By Marcel Stoetzler
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Extra resources for Antisemitism and the constitution of sociology
Different from other critics who had already pointed out that Bauer’s characterization of the Jews had no basis in reality, Marx did not waste time on such blatantly obvious points and put forward instead the argument that all the things of which the Jews were accused were in fact general characteristics of modern society; the question whether these things also characterized the Jews—as they did everybody else—was therefore irrelevant. Fine concludes that in this reading, Marx’s second essay on “the Jewish question” continued the first essay’s argument for the detachment of the right of emancipation of Jews from all prior qualifications demanded by liberals and nationalists.
It seems that American sociology in that period tended to see Jews as carriers of a welcome modernization process that was in essence, though, coded as American rather than Jewish; by and large, they appeared at that point in time neither as too modern nor as obstacles to modernity, as was the case with antisemitism in Europe in its two main dimensions. King writes that “American sociology was historically more preoccupied with . . ” This situation changed after World War II. King writes that three factors—the Holocaust (and having escaped it), having gained unprecedented affluence as well as access to universities, and the foundation of the state of Israel—resulted in a newly configured, specifically American Jewish consciousness that was manifested in a more open concern with things Jewish also in academia.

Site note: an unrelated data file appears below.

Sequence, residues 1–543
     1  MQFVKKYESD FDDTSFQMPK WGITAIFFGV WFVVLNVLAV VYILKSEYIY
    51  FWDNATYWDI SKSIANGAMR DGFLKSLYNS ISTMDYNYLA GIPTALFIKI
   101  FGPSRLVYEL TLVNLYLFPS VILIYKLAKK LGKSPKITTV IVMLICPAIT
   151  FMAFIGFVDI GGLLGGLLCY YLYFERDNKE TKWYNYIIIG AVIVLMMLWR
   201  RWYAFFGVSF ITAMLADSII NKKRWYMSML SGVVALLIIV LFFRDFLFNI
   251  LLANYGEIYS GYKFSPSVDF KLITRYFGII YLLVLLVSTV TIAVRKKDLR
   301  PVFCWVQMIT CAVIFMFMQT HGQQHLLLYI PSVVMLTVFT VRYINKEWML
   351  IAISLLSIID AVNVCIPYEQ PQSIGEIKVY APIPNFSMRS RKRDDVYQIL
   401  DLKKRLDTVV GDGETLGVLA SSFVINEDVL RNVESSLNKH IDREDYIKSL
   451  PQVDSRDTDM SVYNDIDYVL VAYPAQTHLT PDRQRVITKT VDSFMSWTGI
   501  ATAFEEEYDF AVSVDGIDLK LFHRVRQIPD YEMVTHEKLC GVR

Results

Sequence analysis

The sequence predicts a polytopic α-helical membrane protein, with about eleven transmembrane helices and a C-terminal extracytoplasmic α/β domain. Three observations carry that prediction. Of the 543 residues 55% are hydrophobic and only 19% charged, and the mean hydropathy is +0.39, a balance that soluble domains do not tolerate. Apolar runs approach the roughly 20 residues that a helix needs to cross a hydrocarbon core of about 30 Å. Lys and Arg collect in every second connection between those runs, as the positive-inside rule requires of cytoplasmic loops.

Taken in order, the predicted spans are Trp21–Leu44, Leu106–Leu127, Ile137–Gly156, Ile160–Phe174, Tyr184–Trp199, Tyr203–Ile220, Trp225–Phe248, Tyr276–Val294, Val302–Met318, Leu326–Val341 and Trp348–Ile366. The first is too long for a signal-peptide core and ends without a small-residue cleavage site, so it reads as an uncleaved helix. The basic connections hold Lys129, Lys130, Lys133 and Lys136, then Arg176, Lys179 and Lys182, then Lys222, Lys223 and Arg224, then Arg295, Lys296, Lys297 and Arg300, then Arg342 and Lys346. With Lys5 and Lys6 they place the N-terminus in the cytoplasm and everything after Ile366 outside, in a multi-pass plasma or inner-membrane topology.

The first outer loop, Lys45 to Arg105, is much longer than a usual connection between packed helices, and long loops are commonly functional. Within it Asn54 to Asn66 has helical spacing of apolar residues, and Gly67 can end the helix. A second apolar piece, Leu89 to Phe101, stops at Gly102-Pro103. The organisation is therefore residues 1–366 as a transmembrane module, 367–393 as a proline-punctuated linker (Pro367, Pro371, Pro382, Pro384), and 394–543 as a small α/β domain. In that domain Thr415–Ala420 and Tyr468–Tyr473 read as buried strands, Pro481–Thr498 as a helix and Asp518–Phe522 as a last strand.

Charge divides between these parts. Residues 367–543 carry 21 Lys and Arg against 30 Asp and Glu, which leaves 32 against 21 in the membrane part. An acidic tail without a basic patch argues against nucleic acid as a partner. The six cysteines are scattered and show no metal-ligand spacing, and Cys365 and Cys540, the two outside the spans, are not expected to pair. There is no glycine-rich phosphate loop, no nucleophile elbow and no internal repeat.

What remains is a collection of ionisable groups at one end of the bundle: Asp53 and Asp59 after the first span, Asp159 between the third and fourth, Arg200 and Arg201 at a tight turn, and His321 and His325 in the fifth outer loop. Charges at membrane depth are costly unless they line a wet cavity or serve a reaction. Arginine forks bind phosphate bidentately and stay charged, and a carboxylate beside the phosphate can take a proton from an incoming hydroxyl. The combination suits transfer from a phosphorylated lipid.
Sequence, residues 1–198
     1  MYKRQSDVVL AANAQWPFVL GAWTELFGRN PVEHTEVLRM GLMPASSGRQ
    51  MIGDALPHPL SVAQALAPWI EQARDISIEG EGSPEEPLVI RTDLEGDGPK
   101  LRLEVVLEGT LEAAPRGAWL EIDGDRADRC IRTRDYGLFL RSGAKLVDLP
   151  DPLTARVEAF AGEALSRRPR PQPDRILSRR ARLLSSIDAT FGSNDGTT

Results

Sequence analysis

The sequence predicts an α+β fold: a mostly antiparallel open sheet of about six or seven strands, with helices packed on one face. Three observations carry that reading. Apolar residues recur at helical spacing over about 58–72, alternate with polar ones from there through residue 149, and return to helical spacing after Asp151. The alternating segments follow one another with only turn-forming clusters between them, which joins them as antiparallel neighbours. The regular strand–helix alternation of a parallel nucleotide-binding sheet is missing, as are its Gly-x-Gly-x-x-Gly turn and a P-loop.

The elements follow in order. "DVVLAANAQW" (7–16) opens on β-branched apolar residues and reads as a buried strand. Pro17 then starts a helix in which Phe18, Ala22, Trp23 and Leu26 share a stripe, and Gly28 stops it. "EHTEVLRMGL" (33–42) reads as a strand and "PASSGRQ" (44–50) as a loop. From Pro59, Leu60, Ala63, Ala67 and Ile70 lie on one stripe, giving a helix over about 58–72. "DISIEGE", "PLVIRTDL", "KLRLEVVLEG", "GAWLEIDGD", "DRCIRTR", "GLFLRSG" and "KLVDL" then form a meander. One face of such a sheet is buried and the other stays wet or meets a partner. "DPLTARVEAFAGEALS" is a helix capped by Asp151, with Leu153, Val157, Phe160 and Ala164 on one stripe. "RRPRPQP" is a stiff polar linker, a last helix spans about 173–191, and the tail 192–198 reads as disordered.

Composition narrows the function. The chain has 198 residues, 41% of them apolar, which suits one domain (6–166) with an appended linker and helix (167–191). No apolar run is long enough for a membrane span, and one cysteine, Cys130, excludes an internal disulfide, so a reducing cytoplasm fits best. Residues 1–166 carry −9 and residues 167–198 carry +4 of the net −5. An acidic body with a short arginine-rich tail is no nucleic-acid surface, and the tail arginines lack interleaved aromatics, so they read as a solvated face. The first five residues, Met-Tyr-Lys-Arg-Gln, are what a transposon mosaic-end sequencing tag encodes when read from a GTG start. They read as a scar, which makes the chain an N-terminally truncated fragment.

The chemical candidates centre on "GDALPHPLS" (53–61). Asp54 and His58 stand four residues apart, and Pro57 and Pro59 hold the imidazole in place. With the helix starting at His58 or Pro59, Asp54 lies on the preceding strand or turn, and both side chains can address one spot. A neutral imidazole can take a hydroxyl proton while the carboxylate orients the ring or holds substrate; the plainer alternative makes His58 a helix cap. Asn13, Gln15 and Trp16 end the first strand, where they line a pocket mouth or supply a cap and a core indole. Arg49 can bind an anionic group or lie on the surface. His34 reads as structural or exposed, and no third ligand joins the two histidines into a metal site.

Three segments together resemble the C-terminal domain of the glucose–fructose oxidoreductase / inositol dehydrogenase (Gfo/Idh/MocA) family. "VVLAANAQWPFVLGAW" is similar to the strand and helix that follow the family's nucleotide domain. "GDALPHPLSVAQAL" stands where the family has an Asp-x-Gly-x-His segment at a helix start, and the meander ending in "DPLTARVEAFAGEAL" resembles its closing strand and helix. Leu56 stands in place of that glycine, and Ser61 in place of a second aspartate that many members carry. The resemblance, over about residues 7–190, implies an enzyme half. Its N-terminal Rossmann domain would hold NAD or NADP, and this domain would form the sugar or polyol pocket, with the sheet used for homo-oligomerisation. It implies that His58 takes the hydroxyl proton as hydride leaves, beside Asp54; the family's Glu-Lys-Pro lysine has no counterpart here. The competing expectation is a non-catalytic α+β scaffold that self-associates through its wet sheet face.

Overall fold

If sociology is about the search for a modern society healed from or reconciled with its contradictions, then it is less than surprising that many of those who suffer from antisemitism as one of the latter’s foremost expressions would dedicate themselves to it. 4. This became Stoetzler, The State, the Nation and the Jews. 5. Turner, “Sociology and Fascism in the Interwar Period,” 6, 7, 9. 6. ” 7. Ranulf, “Scholarly Forerunners of Fascism,” 33–34. ” According to Barbalet, the failure of Ranulf ’s work to have had a significant impact on the sociological tradition may primarily be due to the lack of an institutional environment for sociology in Denmark before the 1980s.